I didn’t have a plan for my hike. It was the day before 4th of July, and I felt like taking the day off and exploring. Unfortunately the forecast was clouds and possibility of storms all afternoon. I set off in the direction of Stone Mountain State Park and had two options in mind – try the Mountains-to-Sea Trail to the Blue Ridge Parkway or do the full Stone Mountain loop. Both hikes are not dependent on clear skies for the views, and they both have creeks and waterfalls. Darkening skies and sprinkles prompted me to try the MST, I knew it was mostly in the forest and there was the shorter bail out option of the Widow’s Creek Trail. Despite the thunder and intermittent rain, I hiked the MST to Devil’s Garden Overlook on the Blue Ridge Parkway and stopped by Widow’s Creek Falls at the end. This is a brutal hike without much to see at the top, the best part is the section along Widow’s Creek.
Stone Mountain State Park is easily accessed off I-77 in the northwest corner of North Carolina. Take U.S. 21 north from Elkin heading towards Roaring Gap. A few miles before the gap a large brown road sign indicates a left turn on Traphill Rd to Stone Mountain State Park. After 4.4-mi, take a right on the John P. Frank Parkway which heads into the park. Pass by the visitor’s center and pick up a free map if you wish. The parkway winds around the north side of the park, paralleling Stone Mountain Creek then the East Prong of the Roaring River. There are many parking areas along this stretch, keep going past the popular lower parking lot and Widow’s Creek Falls. Shortly after the waterfall parking there is the gravel overnight backpacker’s lot on the right. It was empty this day. The trail starts on the right side of the parking lot.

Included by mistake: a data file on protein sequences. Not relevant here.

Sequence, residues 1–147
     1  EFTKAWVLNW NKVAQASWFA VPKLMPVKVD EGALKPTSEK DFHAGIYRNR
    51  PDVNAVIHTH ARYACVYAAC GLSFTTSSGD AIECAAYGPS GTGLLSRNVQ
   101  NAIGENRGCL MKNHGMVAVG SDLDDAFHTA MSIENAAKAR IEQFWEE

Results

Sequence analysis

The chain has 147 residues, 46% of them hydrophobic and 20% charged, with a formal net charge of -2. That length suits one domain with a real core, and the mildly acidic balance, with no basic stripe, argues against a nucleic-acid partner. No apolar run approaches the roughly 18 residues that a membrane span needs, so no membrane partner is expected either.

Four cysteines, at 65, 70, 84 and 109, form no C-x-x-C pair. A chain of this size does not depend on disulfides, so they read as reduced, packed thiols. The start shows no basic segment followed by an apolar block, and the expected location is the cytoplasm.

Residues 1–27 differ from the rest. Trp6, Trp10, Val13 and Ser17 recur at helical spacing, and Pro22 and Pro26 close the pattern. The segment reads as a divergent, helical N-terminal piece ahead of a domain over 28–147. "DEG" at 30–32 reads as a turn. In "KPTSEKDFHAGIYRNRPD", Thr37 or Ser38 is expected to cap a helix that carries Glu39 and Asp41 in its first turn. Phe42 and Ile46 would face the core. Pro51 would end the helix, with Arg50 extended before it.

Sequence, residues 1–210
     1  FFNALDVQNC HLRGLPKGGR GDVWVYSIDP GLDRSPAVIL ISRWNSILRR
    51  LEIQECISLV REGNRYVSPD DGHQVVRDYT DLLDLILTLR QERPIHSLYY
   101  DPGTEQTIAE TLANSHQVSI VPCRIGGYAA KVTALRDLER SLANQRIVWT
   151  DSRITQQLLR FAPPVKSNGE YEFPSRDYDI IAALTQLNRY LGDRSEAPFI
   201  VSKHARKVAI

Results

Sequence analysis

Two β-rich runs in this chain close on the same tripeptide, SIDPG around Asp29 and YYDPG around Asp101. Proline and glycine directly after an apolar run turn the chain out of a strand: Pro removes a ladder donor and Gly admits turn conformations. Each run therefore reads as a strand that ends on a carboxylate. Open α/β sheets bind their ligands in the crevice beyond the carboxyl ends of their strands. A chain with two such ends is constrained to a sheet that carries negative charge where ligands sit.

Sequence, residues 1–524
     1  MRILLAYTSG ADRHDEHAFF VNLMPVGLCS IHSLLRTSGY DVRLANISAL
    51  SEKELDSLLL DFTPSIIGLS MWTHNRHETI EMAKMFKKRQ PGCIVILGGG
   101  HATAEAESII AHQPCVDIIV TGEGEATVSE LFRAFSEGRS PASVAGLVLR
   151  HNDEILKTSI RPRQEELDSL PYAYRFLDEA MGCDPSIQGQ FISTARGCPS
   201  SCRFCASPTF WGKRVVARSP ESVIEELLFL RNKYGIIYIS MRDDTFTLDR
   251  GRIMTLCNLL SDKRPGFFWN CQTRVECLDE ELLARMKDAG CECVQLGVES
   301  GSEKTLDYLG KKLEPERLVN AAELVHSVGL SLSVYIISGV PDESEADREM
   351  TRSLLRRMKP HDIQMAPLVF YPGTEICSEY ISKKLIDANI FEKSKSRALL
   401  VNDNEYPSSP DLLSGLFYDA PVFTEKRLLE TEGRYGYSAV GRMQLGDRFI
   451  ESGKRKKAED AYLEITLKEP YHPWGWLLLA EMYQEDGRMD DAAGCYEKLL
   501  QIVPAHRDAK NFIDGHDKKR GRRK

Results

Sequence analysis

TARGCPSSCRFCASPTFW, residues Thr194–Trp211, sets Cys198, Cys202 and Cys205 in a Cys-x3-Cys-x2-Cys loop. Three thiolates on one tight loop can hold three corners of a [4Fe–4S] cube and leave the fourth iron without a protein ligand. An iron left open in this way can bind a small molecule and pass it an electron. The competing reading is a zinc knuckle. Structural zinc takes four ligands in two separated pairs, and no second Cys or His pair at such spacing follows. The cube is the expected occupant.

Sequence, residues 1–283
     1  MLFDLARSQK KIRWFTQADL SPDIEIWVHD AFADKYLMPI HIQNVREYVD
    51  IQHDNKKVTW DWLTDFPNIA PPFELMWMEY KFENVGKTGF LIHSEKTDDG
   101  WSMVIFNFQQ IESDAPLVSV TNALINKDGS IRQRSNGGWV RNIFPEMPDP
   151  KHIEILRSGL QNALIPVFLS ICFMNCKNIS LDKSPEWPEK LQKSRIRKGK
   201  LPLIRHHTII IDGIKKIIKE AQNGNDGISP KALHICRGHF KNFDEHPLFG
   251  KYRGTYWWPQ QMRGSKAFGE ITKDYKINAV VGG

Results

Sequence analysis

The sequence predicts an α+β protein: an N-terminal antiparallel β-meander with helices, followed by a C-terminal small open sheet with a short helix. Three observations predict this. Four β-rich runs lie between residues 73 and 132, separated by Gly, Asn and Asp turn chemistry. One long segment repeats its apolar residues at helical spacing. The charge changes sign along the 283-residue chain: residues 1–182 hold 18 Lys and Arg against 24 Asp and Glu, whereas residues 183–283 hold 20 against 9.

Max elevation: 3737 ft
Min elevation: 1306 ft
Total Time: 05:17:11